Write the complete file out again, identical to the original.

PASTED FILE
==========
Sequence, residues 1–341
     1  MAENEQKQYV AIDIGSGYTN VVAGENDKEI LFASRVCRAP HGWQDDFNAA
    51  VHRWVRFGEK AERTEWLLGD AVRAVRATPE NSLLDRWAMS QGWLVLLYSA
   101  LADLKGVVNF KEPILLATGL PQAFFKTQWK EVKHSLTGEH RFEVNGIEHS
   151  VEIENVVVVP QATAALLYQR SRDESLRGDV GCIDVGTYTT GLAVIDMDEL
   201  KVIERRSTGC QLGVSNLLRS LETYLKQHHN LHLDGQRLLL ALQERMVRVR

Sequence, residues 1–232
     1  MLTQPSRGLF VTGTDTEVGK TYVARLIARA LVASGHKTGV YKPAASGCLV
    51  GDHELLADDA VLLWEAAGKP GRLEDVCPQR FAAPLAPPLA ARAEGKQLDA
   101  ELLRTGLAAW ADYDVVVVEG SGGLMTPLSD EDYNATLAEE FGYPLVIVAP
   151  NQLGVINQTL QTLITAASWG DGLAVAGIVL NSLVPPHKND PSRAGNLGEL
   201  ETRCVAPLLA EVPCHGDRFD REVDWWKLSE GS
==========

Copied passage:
Sequence, residues 1–341
     1  MAENEQKQYV AIDIGSGYTN VVAGENDKEI LFASRVCRAP HGWQDDFNAA
    51  VHRWVRFGEK AERTEWLLGD AVRAVRATPE NSLLDRWAMS QGWLVLLYSA
   101  LADLKGVVNF KEPILLATGL PQAFFKTQWK EVKHSLTGEH RFEVNGIEHS
   151  VEIENVVVVP QATAALLYQR SRDESLRGDV GCIDVGTYTT GLAVIDMDEL
   201  KVIERRSTGC QLGVSNLLRS LETYLKQHHN LHLDGQRLLL ALQERMVRVR

Sequence, residues 1–232
     1  MLTQPSRGLF VTGTDTEVGK TYVARLIARA LVASGHKTGV YKPAASGCLV
    51  GDHELLADDA VLLWEAAGKP GRLEDVCPQR FAAPLAPPLA ARAEGKQLDA
   101  ELLRTGLAAW ADYDVVVVEG SGGLMTPLSD EDYNATLAEE FGYPLVIVAP
   151  NQLGVINQTL QTLITAASWG DGLAVAGIVL NSLVPPHKND PSRAGNLGEL
   201  ETRCVAPLLA EVPCHGDRFD REVDWWKLSE GS